TH-CD-209-05: Impact of Spot Size and Spacing On the Quality of Robustly-Optimized Intensity-Modulated Proton Therapy Plans for Lung Cancer




To investigate how spot size and spacing affect plan quality, especially, plan robustness and the impact of interplay effect, of robustly-optimized intensity-modulated proton therapy (IMPT) plans for lung cancer.


Two robustly-optimized IMPT plans were created for 10 lung cancer patients: (1) one for a proton beam with in-air energy dependent large spot size at isocenter (σ: 5–15 mm) and spacing (1.53σ); (2) the other for a proton beam with small spot size (σ: 2–6 mm) and spacing (5 mm). Both plans were generated on the average CTs with internal-gross-tumor-volume density overridden to irradiate internal target volume (ITV). The root-mean-square-dose volume histograms (RVH) measured the sensitivity of the dose to uncertainties, and the areas under RVH curves were used to evaluate plan robustness. Dose evaluation software was developed to model time-dependent spot delivery to incorporate interplay effect with randomized starting phases of each field per fraction. Patient anatomy voxels were mapped from phase to phase via deformable image registration to score doses. Dose-volume-histogram indices including ITV coverage, homogeneity, and organs-at-risk (OAR) sparing were compared using Student-t test.


Compared to large spots, small spots resulted in significantly better OAR sparing with comparable ITV coverage and homogeneity in the nominal plan. Plan robustness was comparable for ITV and most OARs. With interplay effect considered, significantly better OAR sparing with comparable ITV coverage and homogeneity is observed using smaller spots.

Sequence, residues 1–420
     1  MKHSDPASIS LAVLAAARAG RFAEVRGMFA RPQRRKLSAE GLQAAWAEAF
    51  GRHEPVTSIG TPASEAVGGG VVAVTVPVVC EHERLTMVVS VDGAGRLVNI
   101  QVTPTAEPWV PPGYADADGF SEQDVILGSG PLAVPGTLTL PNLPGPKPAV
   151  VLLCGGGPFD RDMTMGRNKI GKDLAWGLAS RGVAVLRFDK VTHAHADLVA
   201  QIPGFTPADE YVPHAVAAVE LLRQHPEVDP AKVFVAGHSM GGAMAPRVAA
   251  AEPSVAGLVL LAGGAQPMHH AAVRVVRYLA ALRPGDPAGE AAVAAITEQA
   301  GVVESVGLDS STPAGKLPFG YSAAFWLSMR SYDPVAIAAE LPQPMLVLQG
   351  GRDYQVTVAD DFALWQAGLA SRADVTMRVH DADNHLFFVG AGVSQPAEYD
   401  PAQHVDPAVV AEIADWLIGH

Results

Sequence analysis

Robust optimization with smaller spots significantly improves OAR sparing with comparable plan robustness and similar impact of interplay effect compare to larger spots. Small spot size requires the use of larger number of spots, which gives optimizer more freedom to render a plan more robust. The ratio between spot size and spacing was found to be more relevant to determine plan robustness and the impact of interplay effect than spot size alone.

This research was supported by the National Cancer Institute Career Developmental Award K25CA168984, by the Fraternal Order of Eagles Cancer Research Fund Career Development Award, by The Lawrence W. and Marilyn W. Matteson Fund for Cancer Research, by Mayo Arizona State University Seed Grant, and by The Kemper Marley Foundation.